Africa and America's Interests:Realities in Search of Policies

 It has been a longstanding-and, alas, all-too-true-cliché that Africa is the stepchild of United States foreign policy.

 It has been a longstanding-and, alas, all-too-true-cliché that Africa is the stepchild of United States foreign policy. Sadly long blighted by environmental degradation, economic malaise, social tensions and political misrule, the continent is viewed as little more than a source of trouble, albeit one that could be safely ignored since it rarely impinged upon the core strategic interests of the world's sole remaining superpower. After 9/11, there were some signs that Africa was finally emerging as an American foreign policy concern. In the National Security Strategy of the United States of America published in 2002, the administration acknowledged that:

In Africa, promise and opportunity sit side by side with disease, war, and desperate poverty. This threatens both a core value of the United States-preserving human dignity-and our strategic priority-combating terror. American interests and American principles, therefore, lead in the same direction: we will work with others for an African continent that lives in liberty, peace, and growing prosperity.

However, old habits die hard and other challenges soon took priority. In the current presidential campaign, the world's most troubled continent has once again been almost entirely forgotten. Under the rubric of "foreign policy," Senator John Kerry's campaign website presents "priorities" ranging from a "New Policy for Latin America" to "Securing Afghanistan," but a search of "Africa" turns up mainly references to Teresa Heinz Kerry's birth and upbringing in colonial Mozambique. A similar search of President George W. Bush's reelection website turns up little more than a single November 2003 "Talking Points" memorandum that asserts "the Administration has an unparalleled record of engagement in Africa that incorporates support for democracy, reform, respect for human dignity and peace on the continent" and specifically cites three examples: the U.S. role in the Liberian transition, the negotiations leading to the peace accord between the Sudanese government and southern insurgents and sanctions enacted against Zimbabwe's thuggish regime.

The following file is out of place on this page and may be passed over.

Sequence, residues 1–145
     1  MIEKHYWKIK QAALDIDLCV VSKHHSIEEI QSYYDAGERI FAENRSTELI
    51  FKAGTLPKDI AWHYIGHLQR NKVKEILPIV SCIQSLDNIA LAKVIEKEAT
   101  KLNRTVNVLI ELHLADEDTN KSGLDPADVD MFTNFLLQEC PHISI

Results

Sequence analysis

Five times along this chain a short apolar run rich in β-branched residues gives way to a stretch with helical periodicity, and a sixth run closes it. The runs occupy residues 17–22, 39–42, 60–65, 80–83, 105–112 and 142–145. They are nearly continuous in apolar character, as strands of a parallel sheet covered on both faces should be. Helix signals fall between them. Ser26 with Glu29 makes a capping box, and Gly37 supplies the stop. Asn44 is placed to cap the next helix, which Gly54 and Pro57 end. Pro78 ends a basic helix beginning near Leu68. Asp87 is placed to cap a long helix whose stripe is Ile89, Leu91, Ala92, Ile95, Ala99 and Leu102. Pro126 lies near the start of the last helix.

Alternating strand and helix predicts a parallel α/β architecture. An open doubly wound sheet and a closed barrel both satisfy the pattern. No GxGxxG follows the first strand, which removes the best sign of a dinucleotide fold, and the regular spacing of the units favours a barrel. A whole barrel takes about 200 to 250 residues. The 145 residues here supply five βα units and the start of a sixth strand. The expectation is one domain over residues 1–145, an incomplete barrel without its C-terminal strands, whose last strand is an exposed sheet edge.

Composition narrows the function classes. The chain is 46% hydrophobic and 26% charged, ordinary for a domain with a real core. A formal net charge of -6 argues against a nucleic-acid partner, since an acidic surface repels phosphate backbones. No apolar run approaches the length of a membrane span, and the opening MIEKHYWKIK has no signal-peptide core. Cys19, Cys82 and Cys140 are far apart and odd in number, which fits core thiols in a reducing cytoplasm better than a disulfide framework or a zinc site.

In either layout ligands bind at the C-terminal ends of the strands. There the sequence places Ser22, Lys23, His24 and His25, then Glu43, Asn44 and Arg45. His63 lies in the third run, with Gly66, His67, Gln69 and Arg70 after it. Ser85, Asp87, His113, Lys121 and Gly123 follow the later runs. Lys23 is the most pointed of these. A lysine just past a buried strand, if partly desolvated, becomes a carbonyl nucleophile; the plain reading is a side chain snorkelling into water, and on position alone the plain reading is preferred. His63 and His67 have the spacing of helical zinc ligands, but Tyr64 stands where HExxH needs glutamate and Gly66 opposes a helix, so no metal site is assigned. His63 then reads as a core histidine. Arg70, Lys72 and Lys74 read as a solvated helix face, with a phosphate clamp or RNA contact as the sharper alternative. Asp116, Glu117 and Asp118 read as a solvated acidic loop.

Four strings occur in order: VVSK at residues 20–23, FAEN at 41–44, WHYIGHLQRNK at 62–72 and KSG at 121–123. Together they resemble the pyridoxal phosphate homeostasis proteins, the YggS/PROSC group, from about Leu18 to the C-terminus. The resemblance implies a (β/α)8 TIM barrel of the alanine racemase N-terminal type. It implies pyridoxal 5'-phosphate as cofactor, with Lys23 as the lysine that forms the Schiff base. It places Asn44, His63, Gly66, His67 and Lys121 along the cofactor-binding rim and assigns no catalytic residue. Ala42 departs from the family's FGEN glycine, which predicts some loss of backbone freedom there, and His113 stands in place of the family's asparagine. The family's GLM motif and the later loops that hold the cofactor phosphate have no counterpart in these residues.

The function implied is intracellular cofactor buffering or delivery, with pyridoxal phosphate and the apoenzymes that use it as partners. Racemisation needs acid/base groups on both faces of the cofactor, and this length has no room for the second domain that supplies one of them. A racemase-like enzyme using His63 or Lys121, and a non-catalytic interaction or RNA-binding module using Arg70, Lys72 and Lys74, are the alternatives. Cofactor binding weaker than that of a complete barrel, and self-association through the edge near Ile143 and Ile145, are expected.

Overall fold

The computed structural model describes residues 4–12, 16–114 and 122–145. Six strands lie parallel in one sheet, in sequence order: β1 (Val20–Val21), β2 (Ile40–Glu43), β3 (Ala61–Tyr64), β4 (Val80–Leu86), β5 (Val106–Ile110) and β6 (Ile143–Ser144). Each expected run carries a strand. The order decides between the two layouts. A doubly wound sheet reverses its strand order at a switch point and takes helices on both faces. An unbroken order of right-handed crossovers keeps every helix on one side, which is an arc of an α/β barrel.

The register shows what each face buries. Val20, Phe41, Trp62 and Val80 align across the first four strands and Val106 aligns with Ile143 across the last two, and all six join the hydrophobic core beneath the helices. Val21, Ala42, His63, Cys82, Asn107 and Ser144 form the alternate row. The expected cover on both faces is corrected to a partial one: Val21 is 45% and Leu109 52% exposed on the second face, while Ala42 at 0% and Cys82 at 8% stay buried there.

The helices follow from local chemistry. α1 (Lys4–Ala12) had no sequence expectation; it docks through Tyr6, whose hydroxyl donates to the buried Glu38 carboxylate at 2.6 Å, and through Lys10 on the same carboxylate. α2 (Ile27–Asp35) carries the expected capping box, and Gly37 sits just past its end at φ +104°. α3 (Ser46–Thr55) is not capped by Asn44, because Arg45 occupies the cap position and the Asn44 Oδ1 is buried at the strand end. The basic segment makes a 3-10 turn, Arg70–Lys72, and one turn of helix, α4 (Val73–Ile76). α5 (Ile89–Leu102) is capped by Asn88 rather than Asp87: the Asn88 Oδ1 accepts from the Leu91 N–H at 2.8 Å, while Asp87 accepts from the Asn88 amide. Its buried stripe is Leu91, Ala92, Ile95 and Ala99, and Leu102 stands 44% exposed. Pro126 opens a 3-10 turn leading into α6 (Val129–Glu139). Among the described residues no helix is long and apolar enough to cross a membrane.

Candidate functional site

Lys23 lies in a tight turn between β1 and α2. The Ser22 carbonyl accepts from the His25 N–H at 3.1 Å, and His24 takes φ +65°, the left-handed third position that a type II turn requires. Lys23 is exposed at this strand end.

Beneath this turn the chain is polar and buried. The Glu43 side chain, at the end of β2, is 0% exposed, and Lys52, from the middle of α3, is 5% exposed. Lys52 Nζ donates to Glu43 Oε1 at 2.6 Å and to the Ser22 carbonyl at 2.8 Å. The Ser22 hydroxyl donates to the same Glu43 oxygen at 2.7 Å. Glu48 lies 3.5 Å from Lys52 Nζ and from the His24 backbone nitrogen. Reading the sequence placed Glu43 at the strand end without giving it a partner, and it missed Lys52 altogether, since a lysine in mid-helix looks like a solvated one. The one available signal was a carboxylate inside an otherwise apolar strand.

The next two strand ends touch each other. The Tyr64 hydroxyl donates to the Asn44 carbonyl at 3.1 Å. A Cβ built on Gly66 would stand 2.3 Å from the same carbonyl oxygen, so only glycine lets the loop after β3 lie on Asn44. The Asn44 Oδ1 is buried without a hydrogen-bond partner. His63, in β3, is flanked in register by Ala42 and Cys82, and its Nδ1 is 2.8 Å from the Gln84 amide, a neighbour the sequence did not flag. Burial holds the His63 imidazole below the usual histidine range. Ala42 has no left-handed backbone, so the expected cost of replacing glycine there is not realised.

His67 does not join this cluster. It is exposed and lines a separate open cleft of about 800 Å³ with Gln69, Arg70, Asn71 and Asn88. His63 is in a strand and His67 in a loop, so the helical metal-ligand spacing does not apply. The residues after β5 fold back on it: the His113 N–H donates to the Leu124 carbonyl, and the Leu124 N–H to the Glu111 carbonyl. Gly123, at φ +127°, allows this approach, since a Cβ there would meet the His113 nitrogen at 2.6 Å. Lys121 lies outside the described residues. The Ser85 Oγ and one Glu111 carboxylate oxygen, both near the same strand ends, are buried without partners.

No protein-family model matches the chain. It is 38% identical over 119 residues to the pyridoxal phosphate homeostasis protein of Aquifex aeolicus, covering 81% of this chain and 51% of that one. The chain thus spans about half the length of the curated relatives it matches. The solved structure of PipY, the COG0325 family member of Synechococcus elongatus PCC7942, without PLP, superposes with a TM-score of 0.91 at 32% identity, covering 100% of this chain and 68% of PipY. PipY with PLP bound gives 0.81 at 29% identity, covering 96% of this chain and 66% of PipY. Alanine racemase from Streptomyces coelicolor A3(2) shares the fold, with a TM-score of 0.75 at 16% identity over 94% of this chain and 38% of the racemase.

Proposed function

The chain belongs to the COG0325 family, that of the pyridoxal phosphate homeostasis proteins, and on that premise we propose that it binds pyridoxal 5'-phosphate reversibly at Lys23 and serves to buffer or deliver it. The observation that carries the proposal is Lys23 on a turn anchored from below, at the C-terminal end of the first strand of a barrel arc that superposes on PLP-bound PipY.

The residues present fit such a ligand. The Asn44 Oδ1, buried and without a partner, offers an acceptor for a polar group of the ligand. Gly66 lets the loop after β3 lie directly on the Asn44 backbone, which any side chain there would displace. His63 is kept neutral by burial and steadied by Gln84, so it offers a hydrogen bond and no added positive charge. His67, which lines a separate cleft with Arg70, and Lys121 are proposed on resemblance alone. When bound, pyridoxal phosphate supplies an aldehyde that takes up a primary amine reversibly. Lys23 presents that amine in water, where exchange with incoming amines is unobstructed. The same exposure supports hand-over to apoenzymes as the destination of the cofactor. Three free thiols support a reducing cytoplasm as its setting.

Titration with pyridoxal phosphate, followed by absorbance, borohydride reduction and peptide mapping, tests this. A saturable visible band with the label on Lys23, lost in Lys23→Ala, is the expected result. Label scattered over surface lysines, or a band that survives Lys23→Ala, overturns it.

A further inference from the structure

This lack of attention is not just shortsighted, but will, unless remedied in the coming years, prove downright perilous to U.S. national interests due to a number of factors, both natural and geopolitical. While many Americans, including policymakers, seem oblivious to the fact, sub-Saharan Africa currently supplies the U.S. with sixteen percent of its petroleum needs. According to the National Intelligence Council, within a decade, that figure will rise to twenty-five percent, surpassing the total volume of oil imports from the Middle East region. The continent also boasts the world's fastest rate of population growth: by 2020, today's 900 million Africans will number more than 1.2 billion-more than the combined populations of Europe and North America. Nor do these absolute numbers tell the whole story: by then, the median age of Europeans will be 45, while nearly half of the African population will be under the age of 15.

Despite the dynamic potential implicit in the natural and human resource figures just cited, Africa also suffers from many woes. Sub-Saharan Africa remains the world's economic basket case, with a per capita GDP of barely $575, according to the World Bank's World Development Indicators 2003 report. The United Nations Development Program's just-published Human Development Report 2004 determined that, of the thirty-six countries found to have "low development," thirty-two were in Africa. While the continent is home to only fifteen percent of the world's overall population, more than three-fourths of the people living with HIV are sub-Saharan Africans. In 2003 alone, an estimated three million Africans became infected and 2.2 million died of AIDS.

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